The computing power needed to train AI is now rising seven times faster than ever before
In 2018, OpenAI found that the amount of computational power used to train the largest AI models had doubled every 3.4 months since 2012.
The San Francisco-based for-profit AI research lab has now added new data to its analysis. This shows how the post-2012 doubling compares with the historic doubling time since the beginning of the field. From 1959 to 2012, the amount of power used doubled every two years, tracking Moore’s Law. This means the resources used today are doubling at a rate seven times faster than before.
This dramatic increase in the resources needed underscores just how costly the field’s achievements have become. Keep in mind that the above graph shows a logarithmic scale. On a linear scale (below), you can more clearly see how compute usage has increased by 300,000-fold in the last seven years.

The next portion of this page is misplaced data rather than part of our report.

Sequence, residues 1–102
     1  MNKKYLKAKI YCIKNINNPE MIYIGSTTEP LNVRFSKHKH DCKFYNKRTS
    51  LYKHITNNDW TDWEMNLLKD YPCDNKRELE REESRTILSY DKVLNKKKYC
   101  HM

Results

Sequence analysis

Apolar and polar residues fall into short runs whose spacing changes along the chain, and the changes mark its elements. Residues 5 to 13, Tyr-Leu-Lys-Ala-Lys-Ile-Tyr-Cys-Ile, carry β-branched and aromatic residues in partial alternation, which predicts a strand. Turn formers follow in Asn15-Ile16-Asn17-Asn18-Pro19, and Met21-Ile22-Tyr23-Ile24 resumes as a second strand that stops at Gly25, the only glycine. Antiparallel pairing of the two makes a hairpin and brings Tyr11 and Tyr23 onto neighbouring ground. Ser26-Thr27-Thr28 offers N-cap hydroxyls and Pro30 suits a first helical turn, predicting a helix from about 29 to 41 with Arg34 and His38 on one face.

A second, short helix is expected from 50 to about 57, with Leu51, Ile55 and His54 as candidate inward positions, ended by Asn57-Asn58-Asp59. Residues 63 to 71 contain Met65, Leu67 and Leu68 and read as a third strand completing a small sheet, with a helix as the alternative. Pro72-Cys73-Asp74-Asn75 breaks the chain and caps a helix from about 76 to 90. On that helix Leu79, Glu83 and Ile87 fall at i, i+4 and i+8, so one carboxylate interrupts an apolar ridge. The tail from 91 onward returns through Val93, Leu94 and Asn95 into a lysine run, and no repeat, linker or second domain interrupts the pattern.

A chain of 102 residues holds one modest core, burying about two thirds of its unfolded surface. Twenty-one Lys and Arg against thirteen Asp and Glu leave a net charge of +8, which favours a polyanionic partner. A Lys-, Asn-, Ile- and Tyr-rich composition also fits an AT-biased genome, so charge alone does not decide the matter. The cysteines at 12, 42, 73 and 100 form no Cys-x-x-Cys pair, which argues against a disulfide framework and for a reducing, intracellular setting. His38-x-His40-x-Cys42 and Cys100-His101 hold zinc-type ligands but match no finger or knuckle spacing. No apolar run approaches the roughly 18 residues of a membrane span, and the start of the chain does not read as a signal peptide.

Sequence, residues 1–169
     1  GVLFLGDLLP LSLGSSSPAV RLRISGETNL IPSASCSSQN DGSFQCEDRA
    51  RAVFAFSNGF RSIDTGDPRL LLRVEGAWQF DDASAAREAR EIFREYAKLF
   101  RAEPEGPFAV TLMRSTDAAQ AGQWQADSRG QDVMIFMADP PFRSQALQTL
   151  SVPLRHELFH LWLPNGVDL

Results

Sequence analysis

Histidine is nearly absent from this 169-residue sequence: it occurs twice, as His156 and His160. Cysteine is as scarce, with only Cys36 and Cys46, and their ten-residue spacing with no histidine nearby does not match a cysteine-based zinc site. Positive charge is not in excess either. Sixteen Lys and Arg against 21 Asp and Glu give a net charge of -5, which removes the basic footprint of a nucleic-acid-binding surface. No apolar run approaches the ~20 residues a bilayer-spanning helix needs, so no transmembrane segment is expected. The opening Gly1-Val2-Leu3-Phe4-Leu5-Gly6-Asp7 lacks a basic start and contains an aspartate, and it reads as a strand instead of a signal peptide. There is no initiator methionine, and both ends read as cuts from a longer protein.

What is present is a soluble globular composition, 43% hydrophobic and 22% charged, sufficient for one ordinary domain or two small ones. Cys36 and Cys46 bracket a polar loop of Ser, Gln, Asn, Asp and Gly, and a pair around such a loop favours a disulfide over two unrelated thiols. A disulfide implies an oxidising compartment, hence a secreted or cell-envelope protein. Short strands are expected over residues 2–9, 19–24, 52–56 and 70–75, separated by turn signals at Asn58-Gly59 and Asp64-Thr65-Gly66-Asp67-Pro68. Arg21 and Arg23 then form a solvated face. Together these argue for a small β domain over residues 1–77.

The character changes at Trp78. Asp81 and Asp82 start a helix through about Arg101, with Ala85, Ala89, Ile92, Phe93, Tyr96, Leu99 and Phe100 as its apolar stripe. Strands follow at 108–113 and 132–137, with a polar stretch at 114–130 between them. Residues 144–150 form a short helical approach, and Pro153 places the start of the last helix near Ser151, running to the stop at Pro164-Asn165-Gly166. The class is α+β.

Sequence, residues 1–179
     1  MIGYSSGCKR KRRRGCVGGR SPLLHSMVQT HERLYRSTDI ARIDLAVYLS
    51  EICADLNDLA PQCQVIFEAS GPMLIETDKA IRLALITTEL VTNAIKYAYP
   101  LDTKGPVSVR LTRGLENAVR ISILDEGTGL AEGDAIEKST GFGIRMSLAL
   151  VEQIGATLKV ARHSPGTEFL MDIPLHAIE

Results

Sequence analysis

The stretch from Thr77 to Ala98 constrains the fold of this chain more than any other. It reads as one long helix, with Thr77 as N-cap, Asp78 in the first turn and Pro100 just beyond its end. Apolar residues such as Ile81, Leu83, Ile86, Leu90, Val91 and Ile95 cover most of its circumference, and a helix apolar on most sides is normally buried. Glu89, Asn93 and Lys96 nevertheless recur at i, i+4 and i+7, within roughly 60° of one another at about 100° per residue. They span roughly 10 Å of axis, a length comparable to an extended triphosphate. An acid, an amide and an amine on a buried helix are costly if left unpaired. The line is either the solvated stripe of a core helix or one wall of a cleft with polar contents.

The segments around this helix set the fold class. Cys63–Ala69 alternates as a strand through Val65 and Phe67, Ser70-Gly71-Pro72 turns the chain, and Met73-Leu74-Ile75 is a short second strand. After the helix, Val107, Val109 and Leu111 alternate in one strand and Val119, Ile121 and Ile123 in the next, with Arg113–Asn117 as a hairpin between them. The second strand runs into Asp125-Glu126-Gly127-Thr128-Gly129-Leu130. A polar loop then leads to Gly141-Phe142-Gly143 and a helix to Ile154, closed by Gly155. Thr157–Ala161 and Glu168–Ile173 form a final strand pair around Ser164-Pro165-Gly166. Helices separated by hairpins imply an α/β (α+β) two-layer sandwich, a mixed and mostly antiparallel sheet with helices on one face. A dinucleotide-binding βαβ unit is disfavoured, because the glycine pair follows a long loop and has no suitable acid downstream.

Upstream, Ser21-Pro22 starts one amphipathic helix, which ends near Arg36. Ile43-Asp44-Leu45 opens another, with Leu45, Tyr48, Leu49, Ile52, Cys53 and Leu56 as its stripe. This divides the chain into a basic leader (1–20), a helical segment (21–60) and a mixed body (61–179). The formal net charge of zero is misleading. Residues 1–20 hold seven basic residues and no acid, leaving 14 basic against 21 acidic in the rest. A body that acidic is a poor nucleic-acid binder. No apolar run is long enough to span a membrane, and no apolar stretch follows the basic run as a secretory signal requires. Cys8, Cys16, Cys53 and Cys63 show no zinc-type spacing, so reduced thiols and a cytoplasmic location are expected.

The chart also notably does not include some of the most recent breakthroughs, including Google’s large-scale language model BERT, OpenAI’s language model GPT-2, or DeepMind’s StarCraft II-playing model AlphaStar.
In the past year, more and more researchers have sounded the alarm on the exploding costs of deep learning. In June, an analysis from researchers at the University of Massachusetts, Amherst, showed how these increasing computational costs directly translate into carbon emissions.
In their paper, they also noted how the trend exacerbates the privatization of AI research because it undermines the ability for academic labs to compete with much more resource-rich private ones.
In response to this growing concern, several industry groups have made recommendations. The Allen Institute for Artificial Intelligence, a nonprofit research firm in Seattle, has proposed that researchers always publish the financial and computational costs of training their models along with their performance results, for example.
In its own blog, OpenAI suggested policymakers increase funding to academic researchers to bridge the resource gap between academic and industry labs.
Correction: A previous version of this article incorrectly stated the doubling time today is more than seven times the rate before. The resources used are doubling seven times faster, and the doubling time itself is one-seventh the previous time.
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